SPIRITUAL PRACTICES // Friday, Sept 29 1:15-2:25pm (Rm 201)
Paleolithic Spiritual Practices: An Audiovisual Perspective
Since the late-1800s the spiritual practices of Paleolithic people have been theoretically linked by Western researchers to the painted or engraved images found on the walls of caves, cliffs, megaliths and open-air sanctuaries. However, scholarly focus on the acoustic environment or soundscape of such investigated sites is a much more recent endeavor. The notion that sounds of an ancient place may have been part of its purpose and meaning is gaining momentum. In this paper, potential audio-visual-lithic relationships are explored for their implications for deepening our understanding of the spiritual aspects of Paleolithic life, which may also may lead to our ability to render a more holistic depiction of prehistoric musicality.
The theoretical framework of this study especially draws from the work of Iegor Reznikoff, Paul Devereux, and Steven Waller who are pioneers in archaeoacoustics, the burgeoning scholarly field that mixes music archeology with acoustics. Each of them was able to clearly document a correspondence between the points of resonance and the locations of Paleolithic images within caves, which led them to conclude that the locations of the rock paintings were chosen due to their sonic value. Steve Waller’s research took a different direction as he focused on wider implications of the phenomena of echoes and rock-art by exploring ancient legends of supernatural explanations for echoes from around the world. Perhaps the art conveyed an attempt to depict the spirits and animals responsible for the magical sounds at these acoustic hot spots. His work provided a connection between the context and the content of the art as his interpretations linked images and sound to spiritual practices or rituals and cosmological ideologies.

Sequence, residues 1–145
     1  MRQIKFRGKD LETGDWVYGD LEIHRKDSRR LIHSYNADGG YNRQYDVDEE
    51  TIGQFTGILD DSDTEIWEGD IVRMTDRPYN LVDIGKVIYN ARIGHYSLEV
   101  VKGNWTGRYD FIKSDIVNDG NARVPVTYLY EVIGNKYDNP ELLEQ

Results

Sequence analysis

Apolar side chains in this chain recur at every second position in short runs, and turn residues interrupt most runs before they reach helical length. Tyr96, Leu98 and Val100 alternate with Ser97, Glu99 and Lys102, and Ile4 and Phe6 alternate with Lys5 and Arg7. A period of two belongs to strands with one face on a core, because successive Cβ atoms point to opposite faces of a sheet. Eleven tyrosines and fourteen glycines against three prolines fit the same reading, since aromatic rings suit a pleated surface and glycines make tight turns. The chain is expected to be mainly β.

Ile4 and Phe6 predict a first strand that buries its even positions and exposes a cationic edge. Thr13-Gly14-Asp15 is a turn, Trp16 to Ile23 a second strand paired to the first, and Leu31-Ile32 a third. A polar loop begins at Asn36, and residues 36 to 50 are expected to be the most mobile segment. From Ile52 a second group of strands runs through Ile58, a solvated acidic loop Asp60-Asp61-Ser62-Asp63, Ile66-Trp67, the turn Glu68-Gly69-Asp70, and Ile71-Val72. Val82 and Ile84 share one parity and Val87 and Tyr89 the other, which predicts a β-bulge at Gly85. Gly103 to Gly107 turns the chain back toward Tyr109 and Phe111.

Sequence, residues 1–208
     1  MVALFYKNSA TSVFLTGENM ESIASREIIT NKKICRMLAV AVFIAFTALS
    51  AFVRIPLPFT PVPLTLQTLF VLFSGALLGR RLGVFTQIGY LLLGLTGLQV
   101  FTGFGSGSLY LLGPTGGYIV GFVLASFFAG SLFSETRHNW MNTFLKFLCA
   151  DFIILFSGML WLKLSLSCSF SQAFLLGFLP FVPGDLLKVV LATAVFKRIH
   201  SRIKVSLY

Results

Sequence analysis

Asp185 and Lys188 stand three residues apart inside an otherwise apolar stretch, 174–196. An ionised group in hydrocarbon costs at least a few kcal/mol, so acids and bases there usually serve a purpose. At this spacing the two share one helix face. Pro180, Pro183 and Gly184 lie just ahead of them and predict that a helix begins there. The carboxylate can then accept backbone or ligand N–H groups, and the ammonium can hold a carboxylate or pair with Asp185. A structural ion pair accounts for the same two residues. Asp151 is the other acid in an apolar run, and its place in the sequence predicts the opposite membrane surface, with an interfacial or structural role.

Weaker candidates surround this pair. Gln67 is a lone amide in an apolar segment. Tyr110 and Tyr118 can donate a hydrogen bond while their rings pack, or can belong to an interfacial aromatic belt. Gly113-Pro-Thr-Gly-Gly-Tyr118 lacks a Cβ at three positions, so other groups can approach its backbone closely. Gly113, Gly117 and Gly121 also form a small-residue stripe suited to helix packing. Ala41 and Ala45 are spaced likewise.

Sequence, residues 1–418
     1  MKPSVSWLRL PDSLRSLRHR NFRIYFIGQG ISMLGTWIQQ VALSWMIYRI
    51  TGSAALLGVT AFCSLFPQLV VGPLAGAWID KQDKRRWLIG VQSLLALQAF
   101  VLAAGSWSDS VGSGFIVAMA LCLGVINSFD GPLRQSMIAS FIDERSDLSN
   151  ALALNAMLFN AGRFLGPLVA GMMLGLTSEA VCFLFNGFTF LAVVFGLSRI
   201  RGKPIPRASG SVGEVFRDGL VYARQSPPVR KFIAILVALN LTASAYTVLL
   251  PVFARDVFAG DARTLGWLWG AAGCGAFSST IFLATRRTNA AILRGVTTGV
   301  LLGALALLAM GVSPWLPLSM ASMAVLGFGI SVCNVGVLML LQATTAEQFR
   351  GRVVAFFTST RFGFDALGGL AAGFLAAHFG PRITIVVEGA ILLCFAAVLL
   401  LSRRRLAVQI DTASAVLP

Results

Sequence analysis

When sonic phenomena is integrated into rock art interpretation, another important dimension for thinking about ancient spirituality emerges, which also has potential implications for transforming contemporary spiritual experiences.
Deborah Saidel is an American freelance woodwind performer and educator based in Richmond, Virginia. Her academic background is in religious studies, music studies, flute performance, and women studies. She is currently completing her dissertation, Women in Music: An Interdisciplinary Analysis of Women’s Sonic, Musical, and Spiritual Experiences in Prehistory.